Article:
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Malcolm Butler isn’t holding his Super Bowl benching against the Patriots anymore

The former Patriots corner is getting a fresh start with the Titans, but he’s not taking any ill will with him in spite of how things ended in New England.

AFC Championship - Jacksonville Jaguars v New England Patriots Photo by Kevin C. Cox/Getty Images

After he stood crying during the Super Bowl national anthem, after the game was lost, Malcolm Butler was in the New England Patriots’ locker room, in line with peers for a final team checkout.

Bill Belichick approached him.

“You’re a fighter and good luck in the future,” Belichick said, according to Butler.

“Thank you,” Butler said he replied.

They have not spoken since.

What’s left to say?

Each year, during free agency, one team’s trash becomes another’s treasure. Butler’s mint $61 million Tennessee Titans contract qualifies him as Titans’ treasure.

The guy who won Super Bowl 49 in 2015 for the Patriots with one of the most instinctive, heroic, historical NFL interceptions and miracle plays could not get a sniff, not a single defensive snap in Super Bowl 52 six weeks ago. Not one snap during the champion Philadelphia Eagles’ 41-point, 538-yard offensive barrage.

Butler remains cloudy about it all.

“I spent four years in New England, a great run, two Super Bowl championships for the team,” he said last night via telephone from Houston. “I became a Pro Bowl player. The last year was the toughest to deal with. A lot of things were going on. A lot of stuff going on. I was almost traded. Having to prove myself when I felt like I had already proved myself. I just rode the wave as long as I could. I was just going to see what was next.

“I dealt with it. It was tough. I always say to myself if you can … It’s like a broken leg or a scab on your knee. There is pain and sometimes it doesn’t last long. It can heal. But it’s still there. Maybe it always will be. I was never one to miss practice. But on the Sunday before we left for the Super Bowl, I got up yelling after making a good play in practice. Just celebrating. And later I felt real nauseous. Stomach ache. Nose running. Throwing up. Just not feeling well. I went to the hospital to get checked out. The doctors said I had flu-like symptoms and to wait an extra day to travel to the Super Bowl. I think the coaches felt like I got behind on the game plan. You never know what they are thinking. So, I didn’t play. A coach’s decision.”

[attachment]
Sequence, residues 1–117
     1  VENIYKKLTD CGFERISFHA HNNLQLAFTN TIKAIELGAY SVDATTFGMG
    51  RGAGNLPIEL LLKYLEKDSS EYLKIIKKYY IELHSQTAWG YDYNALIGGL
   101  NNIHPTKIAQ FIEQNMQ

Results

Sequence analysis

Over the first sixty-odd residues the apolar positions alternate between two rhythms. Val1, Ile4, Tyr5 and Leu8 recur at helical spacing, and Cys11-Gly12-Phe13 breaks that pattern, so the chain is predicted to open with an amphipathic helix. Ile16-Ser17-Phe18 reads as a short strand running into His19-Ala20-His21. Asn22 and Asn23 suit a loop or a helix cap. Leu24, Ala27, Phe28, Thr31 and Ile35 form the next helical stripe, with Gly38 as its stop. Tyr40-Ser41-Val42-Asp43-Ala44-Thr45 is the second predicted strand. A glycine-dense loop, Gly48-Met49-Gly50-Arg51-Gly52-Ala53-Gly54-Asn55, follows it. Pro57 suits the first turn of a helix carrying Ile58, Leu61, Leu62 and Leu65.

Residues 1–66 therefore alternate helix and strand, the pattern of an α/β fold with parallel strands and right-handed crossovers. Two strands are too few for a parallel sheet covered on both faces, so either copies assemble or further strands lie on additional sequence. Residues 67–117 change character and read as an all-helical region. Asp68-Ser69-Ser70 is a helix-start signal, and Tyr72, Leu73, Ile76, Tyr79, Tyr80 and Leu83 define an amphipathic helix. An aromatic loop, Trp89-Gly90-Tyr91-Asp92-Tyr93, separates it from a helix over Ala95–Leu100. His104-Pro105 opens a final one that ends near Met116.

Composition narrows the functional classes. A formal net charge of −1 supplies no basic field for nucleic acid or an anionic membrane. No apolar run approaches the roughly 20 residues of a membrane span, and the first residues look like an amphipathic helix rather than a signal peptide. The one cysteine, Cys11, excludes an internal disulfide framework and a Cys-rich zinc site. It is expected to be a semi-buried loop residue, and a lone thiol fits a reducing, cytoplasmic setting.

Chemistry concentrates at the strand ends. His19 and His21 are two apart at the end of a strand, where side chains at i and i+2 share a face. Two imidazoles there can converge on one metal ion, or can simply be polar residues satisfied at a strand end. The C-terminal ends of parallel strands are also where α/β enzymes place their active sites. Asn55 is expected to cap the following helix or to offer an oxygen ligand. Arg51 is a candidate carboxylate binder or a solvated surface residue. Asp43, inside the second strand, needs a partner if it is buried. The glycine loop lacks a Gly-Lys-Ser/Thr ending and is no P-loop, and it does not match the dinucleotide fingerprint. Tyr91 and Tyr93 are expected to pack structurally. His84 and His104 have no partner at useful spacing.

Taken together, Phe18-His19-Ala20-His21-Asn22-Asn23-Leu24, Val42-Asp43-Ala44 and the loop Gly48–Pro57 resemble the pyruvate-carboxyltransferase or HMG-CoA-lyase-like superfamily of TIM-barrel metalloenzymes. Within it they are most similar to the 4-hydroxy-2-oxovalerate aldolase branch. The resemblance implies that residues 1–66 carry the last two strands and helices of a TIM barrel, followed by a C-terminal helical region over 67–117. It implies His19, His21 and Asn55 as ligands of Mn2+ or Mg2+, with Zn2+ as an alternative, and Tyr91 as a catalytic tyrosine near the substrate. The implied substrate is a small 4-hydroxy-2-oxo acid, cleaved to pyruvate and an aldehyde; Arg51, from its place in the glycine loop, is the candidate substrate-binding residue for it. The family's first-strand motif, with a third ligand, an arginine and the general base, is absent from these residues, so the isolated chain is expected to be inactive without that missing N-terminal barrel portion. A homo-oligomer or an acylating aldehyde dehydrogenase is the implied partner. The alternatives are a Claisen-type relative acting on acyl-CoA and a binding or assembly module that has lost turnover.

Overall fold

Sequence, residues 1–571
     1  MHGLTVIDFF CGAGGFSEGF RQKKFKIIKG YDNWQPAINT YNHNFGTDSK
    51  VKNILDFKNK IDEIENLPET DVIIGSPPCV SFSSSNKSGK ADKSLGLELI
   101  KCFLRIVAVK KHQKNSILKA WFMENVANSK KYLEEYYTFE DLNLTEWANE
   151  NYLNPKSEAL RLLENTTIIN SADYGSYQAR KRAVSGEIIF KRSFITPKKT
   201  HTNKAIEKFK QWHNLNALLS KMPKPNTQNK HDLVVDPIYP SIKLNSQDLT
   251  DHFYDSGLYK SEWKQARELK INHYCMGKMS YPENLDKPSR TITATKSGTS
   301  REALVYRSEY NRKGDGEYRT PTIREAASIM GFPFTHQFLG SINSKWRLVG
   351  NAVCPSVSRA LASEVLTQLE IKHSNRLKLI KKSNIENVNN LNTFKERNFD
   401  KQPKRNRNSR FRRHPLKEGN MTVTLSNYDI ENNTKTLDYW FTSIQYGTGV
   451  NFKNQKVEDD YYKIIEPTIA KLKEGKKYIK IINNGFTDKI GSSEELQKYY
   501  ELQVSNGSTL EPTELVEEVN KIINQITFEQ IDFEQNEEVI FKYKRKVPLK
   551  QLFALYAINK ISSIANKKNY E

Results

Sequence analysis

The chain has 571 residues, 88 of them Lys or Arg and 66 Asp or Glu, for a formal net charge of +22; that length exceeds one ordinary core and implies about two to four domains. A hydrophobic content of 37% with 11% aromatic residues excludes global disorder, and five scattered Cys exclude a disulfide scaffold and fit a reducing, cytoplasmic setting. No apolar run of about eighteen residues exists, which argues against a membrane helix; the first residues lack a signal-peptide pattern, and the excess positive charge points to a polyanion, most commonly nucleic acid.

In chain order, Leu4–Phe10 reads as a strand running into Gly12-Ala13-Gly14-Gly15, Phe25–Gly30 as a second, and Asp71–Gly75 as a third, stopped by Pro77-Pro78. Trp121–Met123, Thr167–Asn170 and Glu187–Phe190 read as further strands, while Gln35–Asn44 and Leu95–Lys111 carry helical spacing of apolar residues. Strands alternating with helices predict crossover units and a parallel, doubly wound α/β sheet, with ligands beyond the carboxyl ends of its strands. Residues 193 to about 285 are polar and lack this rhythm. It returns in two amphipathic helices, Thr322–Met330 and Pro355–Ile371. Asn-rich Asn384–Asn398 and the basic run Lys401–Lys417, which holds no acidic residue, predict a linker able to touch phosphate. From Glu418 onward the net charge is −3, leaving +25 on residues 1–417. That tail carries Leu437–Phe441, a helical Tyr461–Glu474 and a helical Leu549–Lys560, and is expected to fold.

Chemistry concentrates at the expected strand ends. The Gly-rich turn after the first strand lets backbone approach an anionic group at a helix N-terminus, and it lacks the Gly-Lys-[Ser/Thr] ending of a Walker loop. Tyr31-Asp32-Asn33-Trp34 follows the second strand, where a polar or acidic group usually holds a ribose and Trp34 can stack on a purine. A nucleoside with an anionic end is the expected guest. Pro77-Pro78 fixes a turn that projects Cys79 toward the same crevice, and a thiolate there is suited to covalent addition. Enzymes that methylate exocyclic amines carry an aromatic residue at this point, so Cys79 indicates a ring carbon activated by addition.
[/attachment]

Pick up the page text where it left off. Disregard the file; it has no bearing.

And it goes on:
A stupid decision.

One where Belichick completely forgot Butler’s history, his humble roots, his fire, his ability to make a difference. His knack for winning games. The Patriots were never able to lock up Butler on a long term-deal, gave one to newcomer cornerback Stephon Gilmore (in 2017) and, in the end, just let Butler dangle, wilt on the sideline in the Super Bowl.

Even as Super Bowl MVP Nick Foles torched the Patriots’ pass defense for 28 completions, 373 yards, and three touchdowns.

Not to mention another 164 rushing yards by the Eagles when Butler, a sure, physical tackler, might have helped negate some of that.

A coach’s decision.

Belichick’s decision.

It sure looks personal and petty now. And even if it wasn’t that, it was a total misread and poor decision by Belichick to not play Butler at all. It sure hurt the Patriots’ chances for another championship.

“The fans in New England loved me,” Butler said. “They loved me even when they weren’t supposed to. When I had a bad game, they would tell me they would love me forever. We did great things together. I have nothing bad to say about Bill Belichick and the New England Patriots.”

Butler grew up in Vicksburg, Mississippi working at Popeyes to help support his family. He searched for the right college before finally landing at tiny West Alabama and was not drafted in 2014. He has as modest, as persevering roots as can be found in the NFL.

He has never been to Nashville.

He arrives there Friday morning expecting an embrace. And ready to give one.

“Most definitely,” Butler, 28, said. “I’m from Mississippi, right below it. I love the South. I am a country guy.”

He said Titans general manager Jon Robinson and new head coach Mike Vrabel made it clear they valued him, not just in the contract and not just as a player, but for more.

Given where Butler has been, that resonated.

“They really pursued me like they wanted me,” Butler said. “(Former Patriots cornerback) Logan Ryan is there and he told me some good things about it. I felt they really wanted me there. It’s a business, but that matters.”

A fresh start.

It’s not the first one for Butler. But this one is right on time.

“They just got to the playoffs for the first time in a long time,” Butler said. “It’s a young team. It feels like a good fit for me. First of all, I just want to be a good team player. Be happy there. Win championships. Be productive.”

Malcolm Butler is feeling like a fighter once again.

Like treasure.